Inclusive Religious Neutrality: Rearticulating the Relationship Between Sections 2(a) and 15 of the Charter
(2019) 91 SCLR (2d) 219
26 Pages Posted: 21 Jun 2019
Date Written: June 12, 2019
This article provides an analysis of the principle of religious neutrality as it is understood in Canadian constitutional law. The first half of the article provides a jurisprudential survey of religious neutrality, both before and after the advent of the Canadian Charter of Rights and Freedoms. Specific attention is given in these sections to the gradual recognition of religious neutrality’s status as a constitutional principle. The latter half of the article assesses contested visions of religious neutrality in Canadian law and provides recommendations for how this principle should be judicially rearticulated to more purposively align with the Charter’s protection of religious minorities under sections 2(a) and 15. The article concludes with case studies of the controversies surrounding Trinity Western University’s proposed law school and Québec’s Bill 62 to demonstrate how a more purposive articulation of the principle of religious neutrality can help to resolve the inevitable tensions that arise in a pluralistic society.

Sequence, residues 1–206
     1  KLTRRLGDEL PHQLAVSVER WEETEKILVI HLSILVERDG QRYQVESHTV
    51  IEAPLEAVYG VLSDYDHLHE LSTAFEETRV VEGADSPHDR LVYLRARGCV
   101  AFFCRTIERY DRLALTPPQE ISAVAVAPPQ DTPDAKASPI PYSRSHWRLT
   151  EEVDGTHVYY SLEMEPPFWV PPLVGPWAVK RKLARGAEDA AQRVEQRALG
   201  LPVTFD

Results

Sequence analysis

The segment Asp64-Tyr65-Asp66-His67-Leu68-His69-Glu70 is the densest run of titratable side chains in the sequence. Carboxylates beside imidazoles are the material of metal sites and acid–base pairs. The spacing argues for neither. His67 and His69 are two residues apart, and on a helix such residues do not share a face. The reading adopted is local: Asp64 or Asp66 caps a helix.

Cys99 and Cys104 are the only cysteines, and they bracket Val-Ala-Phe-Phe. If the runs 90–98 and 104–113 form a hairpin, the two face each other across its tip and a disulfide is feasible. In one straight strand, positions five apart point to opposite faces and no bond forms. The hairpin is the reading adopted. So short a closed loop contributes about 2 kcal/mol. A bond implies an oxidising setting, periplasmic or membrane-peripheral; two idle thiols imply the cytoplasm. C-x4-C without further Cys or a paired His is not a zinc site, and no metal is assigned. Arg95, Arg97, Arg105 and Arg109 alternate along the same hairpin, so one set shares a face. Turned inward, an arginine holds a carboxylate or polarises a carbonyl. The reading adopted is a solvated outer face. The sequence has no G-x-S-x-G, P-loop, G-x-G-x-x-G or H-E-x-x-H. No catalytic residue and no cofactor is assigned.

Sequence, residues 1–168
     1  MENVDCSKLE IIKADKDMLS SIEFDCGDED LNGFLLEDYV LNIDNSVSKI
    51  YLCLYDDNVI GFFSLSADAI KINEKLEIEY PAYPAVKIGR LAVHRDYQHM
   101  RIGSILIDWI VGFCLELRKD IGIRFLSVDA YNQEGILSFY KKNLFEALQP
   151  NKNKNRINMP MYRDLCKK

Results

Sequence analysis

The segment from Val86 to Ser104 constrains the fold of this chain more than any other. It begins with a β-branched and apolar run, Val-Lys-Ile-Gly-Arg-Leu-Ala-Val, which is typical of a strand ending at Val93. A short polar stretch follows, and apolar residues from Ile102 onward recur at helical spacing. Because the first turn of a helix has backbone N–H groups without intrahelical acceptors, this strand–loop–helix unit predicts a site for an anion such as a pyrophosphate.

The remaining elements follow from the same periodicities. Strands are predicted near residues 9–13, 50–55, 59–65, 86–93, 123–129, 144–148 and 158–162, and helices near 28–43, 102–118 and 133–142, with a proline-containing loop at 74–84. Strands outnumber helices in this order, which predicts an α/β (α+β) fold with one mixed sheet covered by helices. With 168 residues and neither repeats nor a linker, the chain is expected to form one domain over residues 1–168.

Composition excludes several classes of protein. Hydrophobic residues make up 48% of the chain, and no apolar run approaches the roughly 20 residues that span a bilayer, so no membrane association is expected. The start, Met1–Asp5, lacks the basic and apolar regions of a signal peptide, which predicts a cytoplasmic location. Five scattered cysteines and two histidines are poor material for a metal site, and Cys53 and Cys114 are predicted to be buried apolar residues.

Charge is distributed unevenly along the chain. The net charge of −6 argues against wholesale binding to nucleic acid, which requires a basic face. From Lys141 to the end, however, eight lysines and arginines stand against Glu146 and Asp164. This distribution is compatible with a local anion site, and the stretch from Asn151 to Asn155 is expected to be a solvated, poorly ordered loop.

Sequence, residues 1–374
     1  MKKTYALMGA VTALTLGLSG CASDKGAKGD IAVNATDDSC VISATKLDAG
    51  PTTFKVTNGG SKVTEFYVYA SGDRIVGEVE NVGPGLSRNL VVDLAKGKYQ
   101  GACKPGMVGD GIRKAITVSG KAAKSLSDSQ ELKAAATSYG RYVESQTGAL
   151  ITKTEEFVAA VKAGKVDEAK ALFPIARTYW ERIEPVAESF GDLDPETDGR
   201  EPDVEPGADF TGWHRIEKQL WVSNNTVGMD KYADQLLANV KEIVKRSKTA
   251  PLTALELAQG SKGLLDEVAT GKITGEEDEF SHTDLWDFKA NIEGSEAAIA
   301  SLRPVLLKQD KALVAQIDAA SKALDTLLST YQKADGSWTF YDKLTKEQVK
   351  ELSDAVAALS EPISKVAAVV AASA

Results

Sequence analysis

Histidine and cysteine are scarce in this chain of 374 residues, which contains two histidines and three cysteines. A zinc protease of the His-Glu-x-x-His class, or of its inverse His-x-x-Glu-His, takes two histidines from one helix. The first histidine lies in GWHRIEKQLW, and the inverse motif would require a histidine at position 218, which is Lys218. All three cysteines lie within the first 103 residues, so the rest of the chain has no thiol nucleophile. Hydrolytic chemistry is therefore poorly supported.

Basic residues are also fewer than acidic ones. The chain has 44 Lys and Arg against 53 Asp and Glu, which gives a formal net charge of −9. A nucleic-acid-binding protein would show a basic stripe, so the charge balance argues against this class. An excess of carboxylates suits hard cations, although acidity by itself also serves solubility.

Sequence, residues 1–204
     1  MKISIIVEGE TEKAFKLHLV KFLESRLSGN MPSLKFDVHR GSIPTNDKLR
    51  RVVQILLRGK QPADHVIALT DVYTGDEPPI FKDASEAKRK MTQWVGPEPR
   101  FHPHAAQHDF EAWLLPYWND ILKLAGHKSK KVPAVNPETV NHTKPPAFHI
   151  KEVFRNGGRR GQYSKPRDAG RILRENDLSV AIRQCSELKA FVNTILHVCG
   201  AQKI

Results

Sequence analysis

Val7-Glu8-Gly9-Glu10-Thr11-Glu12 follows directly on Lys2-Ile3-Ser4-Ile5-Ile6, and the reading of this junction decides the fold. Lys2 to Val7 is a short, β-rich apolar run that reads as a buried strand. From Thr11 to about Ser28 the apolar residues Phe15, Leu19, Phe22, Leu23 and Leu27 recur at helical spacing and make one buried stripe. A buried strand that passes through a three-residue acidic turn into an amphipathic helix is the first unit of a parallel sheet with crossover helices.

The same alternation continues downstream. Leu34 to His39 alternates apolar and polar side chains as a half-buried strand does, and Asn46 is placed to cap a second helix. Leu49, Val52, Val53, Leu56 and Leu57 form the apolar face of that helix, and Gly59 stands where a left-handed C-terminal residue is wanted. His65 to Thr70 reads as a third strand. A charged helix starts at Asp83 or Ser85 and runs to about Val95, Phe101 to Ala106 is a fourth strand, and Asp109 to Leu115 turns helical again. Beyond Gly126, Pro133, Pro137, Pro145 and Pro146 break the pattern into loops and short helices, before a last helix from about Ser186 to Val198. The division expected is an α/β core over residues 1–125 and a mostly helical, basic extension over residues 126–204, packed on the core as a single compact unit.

Keywords: religious neutrality, religious freedom, religious equality, state neutrality
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